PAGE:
Coming to another example, is of data-driven creative. This has again been a heavily debated topic in our circles. Does data and AI enrich creativity or stifle it? I choose the former and here is why. I don’t think that a machine is going to spit out the big idea by itself and I think as humans, we of course can, but it is a laborious and often not scalable feat. How do we turn the problem on its head and allow our most creative people to be given prompts, tools, and techniques that can help them churn out more ideas? How can we give what we traditionally think of as not-so-creative people, a chance to impact the “creative tweaks” based on all the audience segmentation data we get. Both are possible. For example, with our tool DMC Explore, a simple brief can tell you everything there is to know about an audience. What they like, what titles they watch, which songs they listen to, where do they swipe their cards, what apps they use, what games they play all based on real-time data pulled in from every corner of the digital ecosystem.

In addition to this, you can get what questions they ask about a product/category, what their opinions and reviews are, and what are the predicted search/purchase trends are and you have all the information available to figure out the “what” (creative) and the “who” needed to come with up brilliant ideas. What’s more, is that today, with Computer Vision (a technology that allows computers to “see”), we can not only tell you which creative is working but also create a data-driven “guess” on “why” creative A is working against creative B by breaking them down into hundreds of elements and analysing their performance at an element level. Hence, you could guess that is having a celebrity working or not adding as much value in a creative. Or do outdoor panoramic shorts work better than indoor studio shots?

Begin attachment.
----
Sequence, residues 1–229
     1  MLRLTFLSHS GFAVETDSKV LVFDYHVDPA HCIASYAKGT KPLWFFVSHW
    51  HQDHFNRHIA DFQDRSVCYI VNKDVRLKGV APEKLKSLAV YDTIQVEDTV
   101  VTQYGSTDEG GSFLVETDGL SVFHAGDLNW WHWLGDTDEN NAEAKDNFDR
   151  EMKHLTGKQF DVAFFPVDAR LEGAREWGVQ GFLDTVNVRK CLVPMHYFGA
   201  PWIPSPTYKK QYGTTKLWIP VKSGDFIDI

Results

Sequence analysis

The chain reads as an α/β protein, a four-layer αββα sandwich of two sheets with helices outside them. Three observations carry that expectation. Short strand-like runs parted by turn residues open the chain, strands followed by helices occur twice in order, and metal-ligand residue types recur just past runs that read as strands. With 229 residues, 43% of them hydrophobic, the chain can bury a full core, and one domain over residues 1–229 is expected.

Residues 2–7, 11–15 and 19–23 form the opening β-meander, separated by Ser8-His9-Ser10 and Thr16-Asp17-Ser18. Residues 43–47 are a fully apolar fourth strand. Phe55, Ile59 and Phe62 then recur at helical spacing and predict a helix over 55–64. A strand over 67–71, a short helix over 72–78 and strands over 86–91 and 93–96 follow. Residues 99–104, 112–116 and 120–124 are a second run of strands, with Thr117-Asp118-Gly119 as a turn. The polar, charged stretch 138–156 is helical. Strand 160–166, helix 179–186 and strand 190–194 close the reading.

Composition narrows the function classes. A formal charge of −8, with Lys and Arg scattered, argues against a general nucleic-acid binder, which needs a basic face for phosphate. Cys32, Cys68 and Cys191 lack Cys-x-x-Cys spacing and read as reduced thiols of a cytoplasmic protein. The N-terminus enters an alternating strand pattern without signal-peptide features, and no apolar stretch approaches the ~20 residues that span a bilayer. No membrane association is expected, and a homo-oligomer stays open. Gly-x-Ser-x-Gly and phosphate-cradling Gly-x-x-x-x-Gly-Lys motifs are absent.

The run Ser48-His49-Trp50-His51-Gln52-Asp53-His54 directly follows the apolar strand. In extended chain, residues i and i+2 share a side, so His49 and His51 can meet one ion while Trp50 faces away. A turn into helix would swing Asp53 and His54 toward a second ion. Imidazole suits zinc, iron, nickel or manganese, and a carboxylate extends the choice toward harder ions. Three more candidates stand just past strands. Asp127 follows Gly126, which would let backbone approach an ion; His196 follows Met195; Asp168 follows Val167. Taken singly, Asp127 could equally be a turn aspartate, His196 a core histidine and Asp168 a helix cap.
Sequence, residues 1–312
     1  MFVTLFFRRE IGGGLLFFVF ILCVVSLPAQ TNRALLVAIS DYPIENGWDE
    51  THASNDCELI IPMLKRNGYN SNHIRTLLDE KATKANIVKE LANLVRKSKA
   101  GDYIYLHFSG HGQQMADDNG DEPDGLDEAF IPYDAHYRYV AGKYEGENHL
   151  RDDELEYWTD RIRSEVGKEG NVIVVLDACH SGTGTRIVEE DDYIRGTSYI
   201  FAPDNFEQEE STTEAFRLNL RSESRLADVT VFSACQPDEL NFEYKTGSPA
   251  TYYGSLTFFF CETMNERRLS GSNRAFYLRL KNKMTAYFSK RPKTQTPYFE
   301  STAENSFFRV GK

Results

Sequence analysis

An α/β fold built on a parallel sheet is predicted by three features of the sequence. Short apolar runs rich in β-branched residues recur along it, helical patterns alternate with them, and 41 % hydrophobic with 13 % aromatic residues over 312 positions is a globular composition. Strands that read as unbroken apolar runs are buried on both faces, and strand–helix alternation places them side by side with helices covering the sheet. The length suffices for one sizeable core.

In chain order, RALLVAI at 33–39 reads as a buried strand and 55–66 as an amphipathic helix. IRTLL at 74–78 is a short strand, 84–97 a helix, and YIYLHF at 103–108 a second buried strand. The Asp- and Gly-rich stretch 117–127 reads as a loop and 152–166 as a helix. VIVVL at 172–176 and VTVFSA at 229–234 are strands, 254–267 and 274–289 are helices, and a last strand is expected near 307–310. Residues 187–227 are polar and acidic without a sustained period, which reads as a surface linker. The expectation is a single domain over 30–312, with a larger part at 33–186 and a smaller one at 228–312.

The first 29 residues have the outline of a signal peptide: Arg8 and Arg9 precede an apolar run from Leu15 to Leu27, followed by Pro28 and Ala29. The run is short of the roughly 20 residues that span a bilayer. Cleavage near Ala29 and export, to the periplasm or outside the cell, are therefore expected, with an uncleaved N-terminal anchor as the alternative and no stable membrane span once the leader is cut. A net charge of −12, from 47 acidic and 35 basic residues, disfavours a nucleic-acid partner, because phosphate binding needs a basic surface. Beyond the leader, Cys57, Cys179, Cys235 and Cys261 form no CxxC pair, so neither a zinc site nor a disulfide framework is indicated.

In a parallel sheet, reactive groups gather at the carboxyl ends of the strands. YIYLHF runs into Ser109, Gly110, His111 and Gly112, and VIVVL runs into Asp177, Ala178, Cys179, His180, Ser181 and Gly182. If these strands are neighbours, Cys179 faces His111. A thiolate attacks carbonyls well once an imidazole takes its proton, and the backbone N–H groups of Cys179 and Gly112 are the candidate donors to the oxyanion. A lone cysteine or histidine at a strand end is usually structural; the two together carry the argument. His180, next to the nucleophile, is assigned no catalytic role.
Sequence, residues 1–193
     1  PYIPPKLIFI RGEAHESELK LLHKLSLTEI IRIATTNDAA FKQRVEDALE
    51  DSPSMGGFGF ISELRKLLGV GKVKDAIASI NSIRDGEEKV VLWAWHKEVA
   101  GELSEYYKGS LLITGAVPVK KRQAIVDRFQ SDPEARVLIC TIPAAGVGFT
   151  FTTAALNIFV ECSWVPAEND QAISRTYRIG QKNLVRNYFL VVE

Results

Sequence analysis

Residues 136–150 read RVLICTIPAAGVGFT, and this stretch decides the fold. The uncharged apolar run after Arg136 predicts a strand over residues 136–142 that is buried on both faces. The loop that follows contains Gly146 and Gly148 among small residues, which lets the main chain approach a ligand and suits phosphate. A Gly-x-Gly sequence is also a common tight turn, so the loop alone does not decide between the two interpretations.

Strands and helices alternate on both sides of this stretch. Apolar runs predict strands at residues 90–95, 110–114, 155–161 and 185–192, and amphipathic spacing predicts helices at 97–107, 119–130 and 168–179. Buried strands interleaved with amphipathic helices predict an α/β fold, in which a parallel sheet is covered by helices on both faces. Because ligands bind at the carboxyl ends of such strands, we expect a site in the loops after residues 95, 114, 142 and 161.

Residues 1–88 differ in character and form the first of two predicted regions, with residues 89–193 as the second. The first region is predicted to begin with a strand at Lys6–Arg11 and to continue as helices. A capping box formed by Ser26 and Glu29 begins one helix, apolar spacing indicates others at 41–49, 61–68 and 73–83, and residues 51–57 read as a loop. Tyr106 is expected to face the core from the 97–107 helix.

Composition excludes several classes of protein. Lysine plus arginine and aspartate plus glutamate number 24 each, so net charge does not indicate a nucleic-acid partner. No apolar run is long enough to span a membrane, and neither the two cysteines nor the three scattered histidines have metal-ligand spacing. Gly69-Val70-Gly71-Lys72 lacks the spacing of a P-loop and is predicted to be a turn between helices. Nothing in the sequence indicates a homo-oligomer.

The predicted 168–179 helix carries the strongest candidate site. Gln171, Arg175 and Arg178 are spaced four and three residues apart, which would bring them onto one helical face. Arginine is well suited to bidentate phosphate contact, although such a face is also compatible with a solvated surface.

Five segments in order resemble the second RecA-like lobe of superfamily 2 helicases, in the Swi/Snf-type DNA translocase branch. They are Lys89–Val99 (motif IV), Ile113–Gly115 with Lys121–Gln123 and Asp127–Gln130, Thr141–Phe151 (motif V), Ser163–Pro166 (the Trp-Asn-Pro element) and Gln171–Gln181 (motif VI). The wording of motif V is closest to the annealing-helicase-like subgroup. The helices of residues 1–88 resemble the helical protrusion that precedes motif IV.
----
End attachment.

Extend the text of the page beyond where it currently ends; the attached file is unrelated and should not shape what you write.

All in all, it is a very exciting time. The shift from artificial to augmented is a game-changer in my opinion. As marketers, we should embrace it rather than fighting it. It can augment our intuition not disregard it. It is meant to enhance our creativity not restrict it. It will make us more efficient not replace us.

Disclaimer: The views expressed here are solely those of the author and do not in any way represent the views of pitchonnet.com

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Gautam Mehra